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By Tiffany Eaton, UWC Thailand Primary School Teacher

As Grade 3 student Karate looked over the watering hole at the Phuket Elephant Sanctuary, she remarked, “I’ve learned a lot of things [from these weekly service trips] that I could not read in books. After all, books keep secrets and can’t tell the whole truth or experience that we have seen with our own eyes here.”

Over the past six weeks, Grade 3 students have been actively supporting two of our UWC Thailand service partners: the Gibbon Rehabilitation Project and the Phuket Elephant Sanctuary. Each week, students have been challenged with various physical tasks ranging from hiking in order to collect natural plants to feed the animals to planting banana trees, making rice balls, scrubbing and sweeping cages, removing trash from mangrove forests and even fertilizing the trees they planted with elephant dung! With the knowledge of primates from our PYP Coordinator, Jen Friske, and the support of John Lancett and the school Design and Technology team, students designed and hand-crafted enrichment items for the gibbons to encourage them to develop the foraging skills they will need to achieve the centre’s goal of successfully rehabilitating and releasing gibbons in families in nearby Khao Pra Theaw forest (adjacent to UWC Thailand).

It has been neither fun nor glamorous, but each trip has been the catalyst for growth; that is, growth in each child’s perseverance, growth in their “I can do it” attitudes and growth in our class’ teamwork. This growth and perseverance has directly transferred to the classroom, where students have begun to realize that “There is more in us than we know. If we can be made to see it,” words from UWC founder Kurt Hanh. Grade 3 students can take detailed notes, use multi-stepped problems to solve real-life situational math questions, consider perspectives outside their own, and take meaningful action to make a difference in our classroom, on our campus, and beyond.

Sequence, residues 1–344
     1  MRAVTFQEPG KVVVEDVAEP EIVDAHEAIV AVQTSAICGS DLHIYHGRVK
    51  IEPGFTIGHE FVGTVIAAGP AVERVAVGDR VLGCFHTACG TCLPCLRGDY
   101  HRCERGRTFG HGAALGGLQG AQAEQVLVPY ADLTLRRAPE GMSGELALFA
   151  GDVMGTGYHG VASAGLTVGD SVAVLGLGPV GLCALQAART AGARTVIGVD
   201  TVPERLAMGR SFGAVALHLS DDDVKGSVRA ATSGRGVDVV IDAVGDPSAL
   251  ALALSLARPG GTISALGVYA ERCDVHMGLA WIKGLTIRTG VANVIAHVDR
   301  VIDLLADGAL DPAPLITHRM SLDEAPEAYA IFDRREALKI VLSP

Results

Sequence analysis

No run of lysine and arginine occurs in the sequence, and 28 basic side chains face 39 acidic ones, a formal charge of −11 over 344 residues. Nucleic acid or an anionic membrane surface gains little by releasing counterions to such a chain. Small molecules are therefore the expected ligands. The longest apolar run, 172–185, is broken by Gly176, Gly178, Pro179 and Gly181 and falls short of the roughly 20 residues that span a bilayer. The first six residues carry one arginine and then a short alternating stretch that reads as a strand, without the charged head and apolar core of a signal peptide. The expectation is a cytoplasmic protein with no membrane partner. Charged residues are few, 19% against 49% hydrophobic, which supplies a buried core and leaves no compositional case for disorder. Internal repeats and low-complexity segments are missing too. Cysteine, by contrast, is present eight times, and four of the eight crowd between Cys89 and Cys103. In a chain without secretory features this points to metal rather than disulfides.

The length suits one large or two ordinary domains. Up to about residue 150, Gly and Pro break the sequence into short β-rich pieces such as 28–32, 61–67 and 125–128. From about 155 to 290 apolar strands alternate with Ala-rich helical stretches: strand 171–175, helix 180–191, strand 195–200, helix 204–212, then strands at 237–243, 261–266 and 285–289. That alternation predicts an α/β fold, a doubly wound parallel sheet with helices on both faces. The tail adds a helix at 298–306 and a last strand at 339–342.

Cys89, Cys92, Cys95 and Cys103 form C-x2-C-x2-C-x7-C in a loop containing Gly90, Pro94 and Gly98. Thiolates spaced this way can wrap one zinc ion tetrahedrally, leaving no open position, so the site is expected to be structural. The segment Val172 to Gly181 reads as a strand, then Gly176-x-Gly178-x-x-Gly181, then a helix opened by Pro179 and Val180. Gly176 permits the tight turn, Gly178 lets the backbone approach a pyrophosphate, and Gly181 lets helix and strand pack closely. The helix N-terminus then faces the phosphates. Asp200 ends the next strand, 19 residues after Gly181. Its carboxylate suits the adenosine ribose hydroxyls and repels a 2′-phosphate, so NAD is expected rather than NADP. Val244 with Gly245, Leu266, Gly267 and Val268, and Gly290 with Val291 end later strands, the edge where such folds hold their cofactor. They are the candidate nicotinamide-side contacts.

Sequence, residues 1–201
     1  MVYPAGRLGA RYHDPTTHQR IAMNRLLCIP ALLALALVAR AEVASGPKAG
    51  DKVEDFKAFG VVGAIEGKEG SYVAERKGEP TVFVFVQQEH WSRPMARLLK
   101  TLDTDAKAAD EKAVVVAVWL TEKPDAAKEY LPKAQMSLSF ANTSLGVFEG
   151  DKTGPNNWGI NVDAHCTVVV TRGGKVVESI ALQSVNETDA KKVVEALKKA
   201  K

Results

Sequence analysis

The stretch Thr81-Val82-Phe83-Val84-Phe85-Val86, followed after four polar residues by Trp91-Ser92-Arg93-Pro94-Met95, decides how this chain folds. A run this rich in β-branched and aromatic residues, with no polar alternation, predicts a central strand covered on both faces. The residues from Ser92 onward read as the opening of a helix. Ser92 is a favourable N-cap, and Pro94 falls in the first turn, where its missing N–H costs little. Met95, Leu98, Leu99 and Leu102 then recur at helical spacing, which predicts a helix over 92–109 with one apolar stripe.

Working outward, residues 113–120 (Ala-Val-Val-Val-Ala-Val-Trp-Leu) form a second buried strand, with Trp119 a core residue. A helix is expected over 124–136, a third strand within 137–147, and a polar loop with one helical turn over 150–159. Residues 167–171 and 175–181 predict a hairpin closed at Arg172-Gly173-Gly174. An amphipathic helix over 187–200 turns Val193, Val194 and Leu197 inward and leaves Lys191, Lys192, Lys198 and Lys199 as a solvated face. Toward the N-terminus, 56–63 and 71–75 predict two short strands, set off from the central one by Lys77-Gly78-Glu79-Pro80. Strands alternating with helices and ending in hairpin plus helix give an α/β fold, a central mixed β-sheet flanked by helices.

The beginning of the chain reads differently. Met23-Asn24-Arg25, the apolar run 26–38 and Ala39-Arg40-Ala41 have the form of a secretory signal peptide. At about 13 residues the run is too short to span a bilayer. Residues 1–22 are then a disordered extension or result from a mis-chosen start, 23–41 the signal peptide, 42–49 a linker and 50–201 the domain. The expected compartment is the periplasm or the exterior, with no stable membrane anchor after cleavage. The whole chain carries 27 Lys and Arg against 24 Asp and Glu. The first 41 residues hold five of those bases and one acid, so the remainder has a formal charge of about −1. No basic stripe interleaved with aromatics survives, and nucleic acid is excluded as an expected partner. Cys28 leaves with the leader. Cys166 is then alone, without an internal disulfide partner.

Kurt Hanh wasn’t the only person who advocated for opportunities to develop self-discovery and mutual compassion. Numerous research studies, such as the Harvard Grant, the longest-running longitudinal study in history (spanning 75 years from 1938 to present), have demonstrated that raising successful children is as simple as imparting unconditional love and developing a “pitch-in attitude” through regular chores from an early age. Through hard work, children start to realize that “I have to do the work of life in order to be part of life,” said Julie Lythcott-Haims, the former Dean of Freshmen at Stanford University.

  “If we want children to flourish, to be truly empowered, then let us allow them to love the earth before we ask them to save it,” states David Sobel. Increasing research illuminates that access to nature and green space “…Provides children with a myriad cognitive, emotional, and physical benefits” (Faber Taylor & Kuo, 2006; Kellert, 2005, Lieberman & Hoody, 1998; Louv, 2007; Wells & Evans, 2003). While developing an appreciation for the natural world is strengthened by regular service trips like these – they have worked in conjunction with other opportunities UWC Thailand students are afforded. Students are encouraged to explore our green campus daily and are regularly involved in rich Outdoor Education excursions and camps. Using the outdoors as our classroom is part of UWC Thailand’s larger, more strategic goals that sow the seeds to develop each learner’s understanding of concepts central to life, such as empathy, discovery, interdependence, perspective, challenges, balance and sustainability. By facilitating opportunities for our students to test their natural sense of wonder, it is common for them to show an intrinsic desire to protect what they have come to love so deeply.  

After all, what you believe, you value; what you value, you do. 

UWC Thailand grade 3 service trip: Phuket Elephant Sanctuary

“I’ve been saving my pocket money to sponsor a gibbon,” Karate told me the other day. “I’ve worked out the finances if others want to pitch in,” she announced to the class. “Yeah, I used to think it would be super hard, and now I know it can be hard, but it gets easier as you keep doing it,” said Leo. “But now I know that if we all work together, it all adds up,” added Rajvir.